Light (Physics): What Is It & How Does It Work?

Understanding the particle-wave duality of electromagnetic radiation (light) is fundamental to understanding quantum theory and other phenomena as well as the nature of light. One of the biggest scientific developments in the previous century was the discovery that very small objects did not obey the same rules as everyday objects.

What Are Electromagnetic Waves?

In plain terms, electromagnetic waves are simply known as light, though the term light is sometimes used to specify visible light (that which can be detected by the eye), and other times is used more generally to refer to all forms of electromagnetic radiation.

To fully understand electromagnetic waves, it is important to understand the notion of a field and the relationship between electricity and magnetism. This will be explained in more detail in the next section, but in essence, electromagnetic waves (light waves) consist of an electric field wave oscillating in a plane perpendicular (at right angles) to a magnetic field wave.

If electromagnetic radiation acts as a wave, then any particular electromagnetic wave will have a frequency and wavelength associated with it. The frequency is the number of oscillations per second, measured in hertz (Hz) where 1 Hz = 1/s. The wavelength is the distance between wave crests. The product of the frequency and wavelength gives the wave speed, which for light in a vacuum is approximately 3×108 m/s.

Unlike most waves (such as sound waves, for example), electromagnetic waves do not require a medium through which to propagate, and hence can traverse the vacuum of empty space, which they do at the speed of light – the fastest speed in the universe!

Fields and Electromagnetism

A field can be thought of as an invisible array of vectors, one at each point in space indicating the relative magnitude and direction of a force an object would feel if placed at that point. For example, a gravitational field near the surface of the earth would consist of a vector at each point in space pointing directly toward the center of the earth. At the same altitude, all of these vectors would have the same magnitude.

If a mass were to be placed at a given point, then the gravitational force it feels would depend on its mass and the value of the field there. Electric fields and magnetic fields work the same way, except they apply forces dependent on an object’s charge and magnetic moment respectively instead of its mass.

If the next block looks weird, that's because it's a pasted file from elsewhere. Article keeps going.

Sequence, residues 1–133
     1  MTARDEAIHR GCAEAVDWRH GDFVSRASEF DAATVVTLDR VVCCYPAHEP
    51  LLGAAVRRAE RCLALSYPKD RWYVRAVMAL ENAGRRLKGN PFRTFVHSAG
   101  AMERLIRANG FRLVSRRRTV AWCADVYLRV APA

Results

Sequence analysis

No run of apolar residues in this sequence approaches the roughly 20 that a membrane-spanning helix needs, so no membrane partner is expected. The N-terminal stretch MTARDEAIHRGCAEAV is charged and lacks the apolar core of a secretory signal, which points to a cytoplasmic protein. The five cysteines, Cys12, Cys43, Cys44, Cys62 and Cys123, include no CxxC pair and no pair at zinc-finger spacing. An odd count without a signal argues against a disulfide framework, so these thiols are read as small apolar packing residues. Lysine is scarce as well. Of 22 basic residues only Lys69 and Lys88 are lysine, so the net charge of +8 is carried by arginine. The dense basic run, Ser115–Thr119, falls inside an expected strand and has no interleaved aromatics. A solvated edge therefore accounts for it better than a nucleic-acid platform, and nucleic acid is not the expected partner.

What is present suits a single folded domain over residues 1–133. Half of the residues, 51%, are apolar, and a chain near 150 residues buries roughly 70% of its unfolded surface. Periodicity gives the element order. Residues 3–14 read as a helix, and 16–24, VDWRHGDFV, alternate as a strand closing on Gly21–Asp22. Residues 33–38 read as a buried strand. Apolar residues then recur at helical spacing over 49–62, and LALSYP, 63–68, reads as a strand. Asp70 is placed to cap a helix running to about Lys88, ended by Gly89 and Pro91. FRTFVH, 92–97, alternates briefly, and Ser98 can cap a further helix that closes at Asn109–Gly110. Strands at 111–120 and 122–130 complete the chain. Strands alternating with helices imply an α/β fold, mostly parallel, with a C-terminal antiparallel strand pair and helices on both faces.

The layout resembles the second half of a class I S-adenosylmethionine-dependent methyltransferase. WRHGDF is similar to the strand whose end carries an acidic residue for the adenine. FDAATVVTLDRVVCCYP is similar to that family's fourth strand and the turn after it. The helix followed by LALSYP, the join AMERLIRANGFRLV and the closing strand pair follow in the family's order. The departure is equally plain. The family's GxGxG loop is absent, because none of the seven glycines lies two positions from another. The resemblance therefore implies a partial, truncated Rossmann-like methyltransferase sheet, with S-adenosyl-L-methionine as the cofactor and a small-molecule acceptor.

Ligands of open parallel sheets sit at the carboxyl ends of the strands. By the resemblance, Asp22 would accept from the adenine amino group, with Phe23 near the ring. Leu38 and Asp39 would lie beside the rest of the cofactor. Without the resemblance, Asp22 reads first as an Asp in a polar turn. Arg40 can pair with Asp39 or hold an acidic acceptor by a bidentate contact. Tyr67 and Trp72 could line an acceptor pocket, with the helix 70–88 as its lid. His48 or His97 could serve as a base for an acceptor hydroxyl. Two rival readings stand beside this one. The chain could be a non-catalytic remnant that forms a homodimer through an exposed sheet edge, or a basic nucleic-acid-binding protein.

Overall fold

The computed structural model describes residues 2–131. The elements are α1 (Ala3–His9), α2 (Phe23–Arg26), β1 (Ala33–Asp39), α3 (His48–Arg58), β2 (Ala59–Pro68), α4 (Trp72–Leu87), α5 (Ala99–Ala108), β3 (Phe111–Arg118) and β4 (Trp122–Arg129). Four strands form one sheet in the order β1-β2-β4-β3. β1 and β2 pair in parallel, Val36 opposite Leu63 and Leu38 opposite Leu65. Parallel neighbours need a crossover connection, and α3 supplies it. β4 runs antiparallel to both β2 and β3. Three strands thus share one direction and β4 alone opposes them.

The electric field results directly from the existence of charges, just as the gravitational field results directly from mass. The source of magnetism, however, is from moving charge (or equivalently, changing electric fields).

In the 1860s, physicist James Clerk Maxwell developed a set of four equations that completely described the relationship between electricity and magnetism. These equations basically showed how electric fields are generated by charges, how no fundamental magnetic monopoles exist, how changing magnetic fields can generate an electric field, and how current or changing electric fields can generate magnetic fields.

Shortly after the derivation of these equations, a solution was found describing a self-propagating electromagnetic wave. This wave was predicted to move at the speed of light, and indeed turned out to actually be light!

The Electromagnetic Spectrum

Electromagnetic waves can come in many different wavelengths and frequencies, so long as the product of the wavelength and frequency of a given wave equals c, the speed of light. The forms of electromagnetic radiation include (from longer wavelengths/low energy to shorter wavelengths/high energy):

  • Radio waves (0.187 m - 600 m)
  • Microwaves (1 mm - 187 mm)
  • Infrared waves (750 nm - 1 mm)
  • Visible light (400 nm - 750 nm; these wavelengths are detectable by the human eye and often subdivided into a visible spectrum)
  • Ultraviolet light (10 nm - 400 nm)
  • X-rays (10-12 m - 10 nm)
  • Gamma rays (<10-12 m)

What Are Photons?

Photons are the name for quantized light particles or electromagnetic radiation. Albert Einstein introduced the notion of light quanta (photons) in an early 20th century paper.

Photons are massless, and they do not obey number conservation laws (meaning they can be created and destroyed). They do, however, obey energy conservation.